Recovering addicts, former judicial officers and community members came together Saturday afternoon for a community event hosted by New Mexico Alumni in Recovery aimed at celebrating wellness and recovery.

The event, which took place at Santa Fe’s Harley-Davidson store, included speakers from the Administrative Office of the Court’s Department for Therapeutic Justice, the Office of Peer Recovery and Engagement, and retired state Supreme Court Justice Barbara J. Vigil in celebration of National Recovery Month.

“This group is a brilliant idea because when you graduate from Drug Court, recovery doesn’t stop then,” Vigil said.

“You all, having gone through the recovery, the hard work, the sacrifice, the pain and suffering that you felt, that your families have felt, you also have the responsibility and honor to reach down and help others,” she added.

New Mexico Alumni in Recovery offers classes and support to Drug Court graduates. Founder Carlos Gonzales, who now works at the Administrative Office of the Courts, shared how a judge spared him from a prison sentence.

“I should have been in prison for 18 years if it wasn’t for Judge Mike and these programs and people like retired Justice Barbara Vigil,” Gonzales said. “People that look at something else in others and say, ‘There’s something in there that can change.’ ”

A ride sponsored by the Doomstriker’s law enforcement motorcycle club, escorted by state police, kicked off the event. It also featured live music, food and raffles.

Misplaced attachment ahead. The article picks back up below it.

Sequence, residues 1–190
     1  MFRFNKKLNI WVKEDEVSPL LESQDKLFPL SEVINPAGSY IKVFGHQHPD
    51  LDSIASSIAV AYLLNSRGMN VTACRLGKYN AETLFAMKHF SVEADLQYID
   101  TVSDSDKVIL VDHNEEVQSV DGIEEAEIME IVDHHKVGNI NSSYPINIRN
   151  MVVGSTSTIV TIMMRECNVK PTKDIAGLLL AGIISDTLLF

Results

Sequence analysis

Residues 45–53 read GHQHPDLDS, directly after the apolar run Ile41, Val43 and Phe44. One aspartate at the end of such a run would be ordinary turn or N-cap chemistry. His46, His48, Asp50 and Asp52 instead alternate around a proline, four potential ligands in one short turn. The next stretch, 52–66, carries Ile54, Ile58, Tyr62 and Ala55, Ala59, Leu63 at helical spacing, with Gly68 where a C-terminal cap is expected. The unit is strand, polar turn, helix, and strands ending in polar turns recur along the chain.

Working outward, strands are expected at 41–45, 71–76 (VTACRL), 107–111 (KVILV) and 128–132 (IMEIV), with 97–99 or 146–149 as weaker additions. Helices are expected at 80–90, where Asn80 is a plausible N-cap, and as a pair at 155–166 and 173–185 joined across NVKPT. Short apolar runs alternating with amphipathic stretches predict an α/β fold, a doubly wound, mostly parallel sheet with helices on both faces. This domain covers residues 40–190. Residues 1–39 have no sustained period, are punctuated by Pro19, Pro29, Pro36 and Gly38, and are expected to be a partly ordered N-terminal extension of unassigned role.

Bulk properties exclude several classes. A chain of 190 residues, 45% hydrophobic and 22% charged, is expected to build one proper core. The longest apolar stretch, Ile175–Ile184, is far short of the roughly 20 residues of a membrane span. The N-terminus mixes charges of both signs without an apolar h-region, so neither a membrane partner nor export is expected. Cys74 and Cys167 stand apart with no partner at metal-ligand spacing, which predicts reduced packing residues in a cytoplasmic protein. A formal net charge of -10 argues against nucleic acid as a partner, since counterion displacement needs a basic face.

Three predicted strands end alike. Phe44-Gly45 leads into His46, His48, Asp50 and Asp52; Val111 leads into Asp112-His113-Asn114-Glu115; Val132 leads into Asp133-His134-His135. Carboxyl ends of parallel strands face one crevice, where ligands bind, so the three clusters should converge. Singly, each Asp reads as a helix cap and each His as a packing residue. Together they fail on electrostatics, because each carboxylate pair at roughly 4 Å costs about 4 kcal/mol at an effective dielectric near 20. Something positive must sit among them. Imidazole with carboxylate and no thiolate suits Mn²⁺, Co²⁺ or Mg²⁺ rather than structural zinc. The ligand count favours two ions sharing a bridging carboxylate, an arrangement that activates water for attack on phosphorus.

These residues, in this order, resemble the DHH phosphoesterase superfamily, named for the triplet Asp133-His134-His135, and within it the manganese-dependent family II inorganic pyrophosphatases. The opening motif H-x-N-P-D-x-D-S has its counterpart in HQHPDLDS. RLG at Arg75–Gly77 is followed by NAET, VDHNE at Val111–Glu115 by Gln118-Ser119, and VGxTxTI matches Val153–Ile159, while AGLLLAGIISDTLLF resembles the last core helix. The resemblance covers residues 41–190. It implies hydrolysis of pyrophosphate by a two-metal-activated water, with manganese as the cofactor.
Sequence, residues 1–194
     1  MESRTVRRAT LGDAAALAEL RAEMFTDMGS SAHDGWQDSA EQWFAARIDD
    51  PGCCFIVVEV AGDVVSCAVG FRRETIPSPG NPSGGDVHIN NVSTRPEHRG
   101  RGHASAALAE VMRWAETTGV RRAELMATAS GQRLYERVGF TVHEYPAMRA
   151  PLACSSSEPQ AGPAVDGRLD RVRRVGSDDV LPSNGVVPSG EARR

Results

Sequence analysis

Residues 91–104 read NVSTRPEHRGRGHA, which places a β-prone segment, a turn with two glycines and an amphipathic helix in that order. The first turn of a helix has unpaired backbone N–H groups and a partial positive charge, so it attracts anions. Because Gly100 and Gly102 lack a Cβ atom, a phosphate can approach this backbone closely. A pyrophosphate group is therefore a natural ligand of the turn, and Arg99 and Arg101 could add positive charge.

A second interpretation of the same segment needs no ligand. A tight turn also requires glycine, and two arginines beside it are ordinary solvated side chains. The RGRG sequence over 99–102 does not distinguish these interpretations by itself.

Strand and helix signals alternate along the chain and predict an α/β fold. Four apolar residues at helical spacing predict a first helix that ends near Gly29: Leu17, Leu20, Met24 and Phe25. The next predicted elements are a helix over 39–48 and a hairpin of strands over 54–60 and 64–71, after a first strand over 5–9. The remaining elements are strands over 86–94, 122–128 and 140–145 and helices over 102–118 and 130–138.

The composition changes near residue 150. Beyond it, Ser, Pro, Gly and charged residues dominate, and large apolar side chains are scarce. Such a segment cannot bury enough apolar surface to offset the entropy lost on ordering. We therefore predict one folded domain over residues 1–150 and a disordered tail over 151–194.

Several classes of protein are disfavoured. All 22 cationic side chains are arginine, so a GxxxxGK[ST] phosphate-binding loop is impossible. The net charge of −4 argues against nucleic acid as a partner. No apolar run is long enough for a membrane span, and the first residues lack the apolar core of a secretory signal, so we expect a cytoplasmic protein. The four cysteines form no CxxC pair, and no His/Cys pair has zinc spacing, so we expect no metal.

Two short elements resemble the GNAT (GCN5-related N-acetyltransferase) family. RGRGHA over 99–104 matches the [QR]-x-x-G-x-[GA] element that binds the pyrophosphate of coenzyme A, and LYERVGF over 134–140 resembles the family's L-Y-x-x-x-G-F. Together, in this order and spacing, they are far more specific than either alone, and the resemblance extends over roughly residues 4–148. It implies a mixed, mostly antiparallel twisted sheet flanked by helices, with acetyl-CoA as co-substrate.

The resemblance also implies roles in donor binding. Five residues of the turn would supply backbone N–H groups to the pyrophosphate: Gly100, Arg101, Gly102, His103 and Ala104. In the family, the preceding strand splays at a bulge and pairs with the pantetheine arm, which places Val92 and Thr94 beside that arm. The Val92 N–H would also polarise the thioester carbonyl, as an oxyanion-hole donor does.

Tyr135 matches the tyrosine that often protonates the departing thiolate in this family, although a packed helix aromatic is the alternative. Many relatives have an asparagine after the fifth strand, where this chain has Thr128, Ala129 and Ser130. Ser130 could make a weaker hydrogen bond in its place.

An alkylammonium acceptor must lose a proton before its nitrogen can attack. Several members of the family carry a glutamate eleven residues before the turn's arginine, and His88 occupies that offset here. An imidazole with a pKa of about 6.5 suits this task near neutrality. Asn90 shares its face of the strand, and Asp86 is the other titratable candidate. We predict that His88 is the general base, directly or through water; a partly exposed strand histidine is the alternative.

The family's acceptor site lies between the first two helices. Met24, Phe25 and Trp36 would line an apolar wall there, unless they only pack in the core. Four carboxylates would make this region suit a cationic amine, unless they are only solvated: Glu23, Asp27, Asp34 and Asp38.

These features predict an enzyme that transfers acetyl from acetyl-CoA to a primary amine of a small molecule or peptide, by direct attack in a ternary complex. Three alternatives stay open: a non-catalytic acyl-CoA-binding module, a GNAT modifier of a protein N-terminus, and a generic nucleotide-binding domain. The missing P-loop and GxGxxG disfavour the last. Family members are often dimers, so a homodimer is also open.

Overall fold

Robert Mitchell, a senior statewide manager for Problem Solving Courts, said the event celebrated the wider scope of National Recovery Month.

“The judges and people who are here today, they are the heroes,” Mitchell said.

The sentiment was echoed by Reese McAlister, event co-organizer and president of New Mexico Alumni in Recovery, who said the day was meant to honor those in recovery and make people aware of various services offered in the state.

“It was really the idea that we’d be able to talk about recovery and reach people who are trying to learn more about it,” he said.

Amid motorcycle rides, food and music were heartfelt testimonies from recovering addicts, many of whom are now involved in the organizations aimed at supporting others struggling with addiction. One anecdote came from Nathan Lawson.

“One time I called my probation officer, said, ‘Catch me if you can,’ before hanging up and going on the run,” Lawson told the attendees. He has been sober for seven years now and works as a training coordinator for the Office of Peer Recovery and Engagement.

Melisha Montaño, a recovering addict who has been sober for 11 years, now heads up the Office of Peer Recovery and Engagement program and uses her story to reach those in need who are struggling with addiction.

“We are not anonymous people,” Montaño said. “We don’t do this loop of jails and institutions anymore. We help those who are out there because we can share our stories of success.”

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